It means that he is projected to end the year ranked No. 49, while Japan's Yusaku Miyazato - who started the week ranked No. 58 and finished alone in fourth - is projected to finish No. 50. Aphibarnrat finished T-15 in his Masters debut in 2016, while Miyazato will make his first appearance in the spring.

The results in Indonesia mean that American Peter Uihlein and South Africa's Dylan Frittelli are projected to barely miss the year-end, top-50 cutoff. Their options for Masters qualification will include winning a full-point PGA Tour event in early 2018 or cracking the top 50 by the final March 25 cutoff.

Cabreras take 1-shot lead in Father/Son

By Associated PressDecember 16, 2017, 11:23 pm

ORLANDO, Fla. - Two-time major champion Angel Cabrera and Angel Cabrera Jr. birdied their last three holes for a 13-under 59 to take a one-shot lead Saturday in the PNC Father-Son Challenge.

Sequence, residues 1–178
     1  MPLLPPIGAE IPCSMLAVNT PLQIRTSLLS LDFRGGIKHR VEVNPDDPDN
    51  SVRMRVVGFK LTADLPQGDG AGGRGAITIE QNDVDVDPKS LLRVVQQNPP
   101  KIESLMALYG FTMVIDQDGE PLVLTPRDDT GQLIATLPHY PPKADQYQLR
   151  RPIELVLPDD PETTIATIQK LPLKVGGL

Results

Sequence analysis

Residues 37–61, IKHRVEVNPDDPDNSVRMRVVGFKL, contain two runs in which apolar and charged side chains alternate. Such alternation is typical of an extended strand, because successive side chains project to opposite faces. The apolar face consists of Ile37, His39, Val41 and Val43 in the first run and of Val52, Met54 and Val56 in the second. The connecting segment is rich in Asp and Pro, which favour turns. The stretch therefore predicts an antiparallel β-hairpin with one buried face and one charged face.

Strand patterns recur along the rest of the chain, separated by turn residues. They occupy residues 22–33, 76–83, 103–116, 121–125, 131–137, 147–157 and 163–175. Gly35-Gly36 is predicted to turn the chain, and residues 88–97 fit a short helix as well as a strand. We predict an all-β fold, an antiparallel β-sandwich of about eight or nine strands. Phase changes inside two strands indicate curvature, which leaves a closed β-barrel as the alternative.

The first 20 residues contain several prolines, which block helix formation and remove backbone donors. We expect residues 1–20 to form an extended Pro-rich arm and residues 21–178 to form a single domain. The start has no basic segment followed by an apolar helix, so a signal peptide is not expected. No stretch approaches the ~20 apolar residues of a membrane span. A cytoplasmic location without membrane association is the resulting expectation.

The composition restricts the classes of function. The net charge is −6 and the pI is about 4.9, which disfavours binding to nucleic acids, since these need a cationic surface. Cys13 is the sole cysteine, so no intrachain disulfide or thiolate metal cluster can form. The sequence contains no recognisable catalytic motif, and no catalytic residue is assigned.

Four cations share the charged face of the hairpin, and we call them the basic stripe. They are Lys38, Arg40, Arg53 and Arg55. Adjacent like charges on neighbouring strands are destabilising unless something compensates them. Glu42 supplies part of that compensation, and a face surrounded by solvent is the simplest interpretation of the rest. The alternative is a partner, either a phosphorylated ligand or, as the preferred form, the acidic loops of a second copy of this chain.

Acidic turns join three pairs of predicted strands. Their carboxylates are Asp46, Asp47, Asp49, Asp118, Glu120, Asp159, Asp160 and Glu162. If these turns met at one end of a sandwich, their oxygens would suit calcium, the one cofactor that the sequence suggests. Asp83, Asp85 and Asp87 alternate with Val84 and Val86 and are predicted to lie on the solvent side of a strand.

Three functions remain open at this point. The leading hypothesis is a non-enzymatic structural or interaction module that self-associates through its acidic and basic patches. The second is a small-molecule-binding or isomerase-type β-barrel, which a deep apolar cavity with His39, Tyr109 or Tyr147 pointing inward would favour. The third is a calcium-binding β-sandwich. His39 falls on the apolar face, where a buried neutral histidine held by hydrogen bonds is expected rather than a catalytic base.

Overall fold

Cabrera, a Masters and U.S. Open champion, is making his debut in this popular 36-hole scramble. His son said he practiced hard for 10 days. What helped put him at ease was watching his father make so many putts.

''We combined very well,'' Cabrera said. ''When I hit a bad shot, he hit a good one. That's the key.''

They had a one-shot lead over Mark O'Meara and Shaun O'Meara, who are playing for the first time. That included a birdie on the last hole, which O'Meara attributed to the strength of his son.

''My little man hit it 58 yards by me on the 18th,'' said O'Meara, the Masters and British Open champion in 1998. ''It's a little easier coming in with a 6-iron.''

Defending champions David Duval and Nick Karavites rallied over the back nine at the Ritz-Carlton Golf Club for a 61. They are trying to become the first father-son team to repeat as winners since Bernhard and Stefan Langer in 2006. Larry Nelson won two years in a row in 2007 and 2008, but with different sons.

''I'd imagine we have to break 60 tomorrow to have a chance to win, but hey, stranger things have happened,'' Duval said. ''I've even done it myself.''